UK losing HE market share, says British Council

26, February, 2015

The UK’s market share of international students on higher education courses in comparison to the major English-speaking competitor destinations is likely to continue falling, according to a new British Council report.

New international HE enrolments and UK market share. Source - British Council

The report, which compares the most recent UK data from the Higher Education Statistics Agency, UK Home Office statistics on student visa issuance and comparative figures from the USA, Australia and Canada, says that although the number of new enrolments grew in 2013/14 for the first time in three years, market share still declined.

Jeremy Chan, author of the report and Head of Research and Consultancy in East Asia for the British Council, said the UK could be returning to a natural level. “It is possible that perhaps the UK higher education sector overheated from 2009-to-2011, in which case the recent three-year decline in market share is a course correction rather than a sign of lagging competitiveness.”

Chan said that in 2012/13 the UK was the only one of the four major destinations to decline, which suggested “some internal shock” explained the weakening competitiveness, rather than an external drop in demand for international education.  

According to the data in the report, the UK’s share of new enrolments among the four countries declined from a peak of 36 per cent in 2010/11 to under 33 per cent last year.

The US higher education system has outpaced all other markets by a considerable margin since 2009, and Chan said with typically longer courses, the US outperformed the UK by a larger margin than headline enrolment figures tend to express. The US had 7.5 per cent growth in new enrolments in 2013/14, according to the annual Open Doors report from the Institute of International Education.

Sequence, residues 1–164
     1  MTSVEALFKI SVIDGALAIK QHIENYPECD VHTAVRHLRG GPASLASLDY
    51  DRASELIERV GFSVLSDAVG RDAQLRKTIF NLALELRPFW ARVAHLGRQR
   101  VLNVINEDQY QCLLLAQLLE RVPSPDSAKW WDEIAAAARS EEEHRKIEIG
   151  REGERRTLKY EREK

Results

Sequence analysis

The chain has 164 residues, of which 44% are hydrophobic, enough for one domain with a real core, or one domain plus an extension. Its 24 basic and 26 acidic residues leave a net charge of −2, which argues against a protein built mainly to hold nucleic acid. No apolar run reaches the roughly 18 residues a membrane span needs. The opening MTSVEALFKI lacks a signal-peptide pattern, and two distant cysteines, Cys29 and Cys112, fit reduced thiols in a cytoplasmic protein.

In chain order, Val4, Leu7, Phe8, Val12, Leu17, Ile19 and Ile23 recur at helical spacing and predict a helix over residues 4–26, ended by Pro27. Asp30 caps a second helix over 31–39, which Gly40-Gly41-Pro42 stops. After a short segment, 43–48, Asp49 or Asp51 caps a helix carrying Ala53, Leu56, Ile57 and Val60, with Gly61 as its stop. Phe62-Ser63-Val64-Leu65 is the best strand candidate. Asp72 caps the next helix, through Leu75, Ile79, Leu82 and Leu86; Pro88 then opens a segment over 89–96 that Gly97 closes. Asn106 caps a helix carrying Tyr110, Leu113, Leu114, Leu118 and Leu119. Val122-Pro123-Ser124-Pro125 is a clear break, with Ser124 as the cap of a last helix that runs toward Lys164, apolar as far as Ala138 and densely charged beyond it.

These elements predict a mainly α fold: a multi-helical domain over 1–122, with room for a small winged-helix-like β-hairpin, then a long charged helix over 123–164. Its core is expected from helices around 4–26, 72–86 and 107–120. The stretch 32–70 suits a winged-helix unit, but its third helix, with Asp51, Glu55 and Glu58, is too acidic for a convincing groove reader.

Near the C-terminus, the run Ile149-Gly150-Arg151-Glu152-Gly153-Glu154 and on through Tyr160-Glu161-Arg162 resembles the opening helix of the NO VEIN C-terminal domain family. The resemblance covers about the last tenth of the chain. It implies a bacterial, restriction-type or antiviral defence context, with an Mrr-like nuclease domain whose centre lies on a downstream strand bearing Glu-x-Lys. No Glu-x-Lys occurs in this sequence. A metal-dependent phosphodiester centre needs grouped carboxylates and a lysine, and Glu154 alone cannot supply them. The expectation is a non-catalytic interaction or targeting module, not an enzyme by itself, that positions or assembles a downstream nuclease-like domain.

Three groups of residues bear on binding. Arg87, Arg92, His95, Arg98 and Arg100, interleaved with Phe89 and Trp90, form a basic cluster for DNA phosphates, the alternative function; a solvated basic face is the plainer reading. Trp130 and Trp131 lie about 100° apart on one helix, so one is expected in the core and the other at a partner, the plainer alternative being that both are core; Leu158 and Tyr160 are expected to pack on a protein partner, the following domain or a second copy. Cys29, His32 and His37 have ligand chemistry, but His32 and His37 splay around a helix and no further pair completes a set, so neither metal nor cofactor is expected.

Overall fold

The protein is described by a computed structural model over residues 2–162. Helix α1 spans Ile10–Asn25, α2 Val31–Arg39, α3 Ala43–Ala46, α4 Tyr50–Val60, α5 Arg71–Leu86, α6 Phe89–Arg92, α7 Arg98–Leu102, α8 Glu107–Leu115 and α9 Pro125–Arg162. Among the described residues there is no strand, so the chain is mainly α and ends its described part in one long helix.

Canada is the only one of the four countries to have registered growth in enrolments in every year since 2005, said Chan, while Australia was the “Jekyll-and-Hyde story” with the deepest declines and now biggest increases. Australia recently had 14.5 per cent commencement growth in the 2014 calendar year, according to recently released data from Australian Education International

“That the UK higher education sector returned to growth in 2013/14 is therefore cause for cautious optimism, but it remains unclear whether this growth was a result of favourable policy changes in the UK offer or simply the result of a rising tide lifting all boats,” said Chan.

In the most recent international higher education mobility data from the OECD relating to 2012, the UK retained a market share of 13 per cent of the 4.5 million international students on higher education courses overseas.



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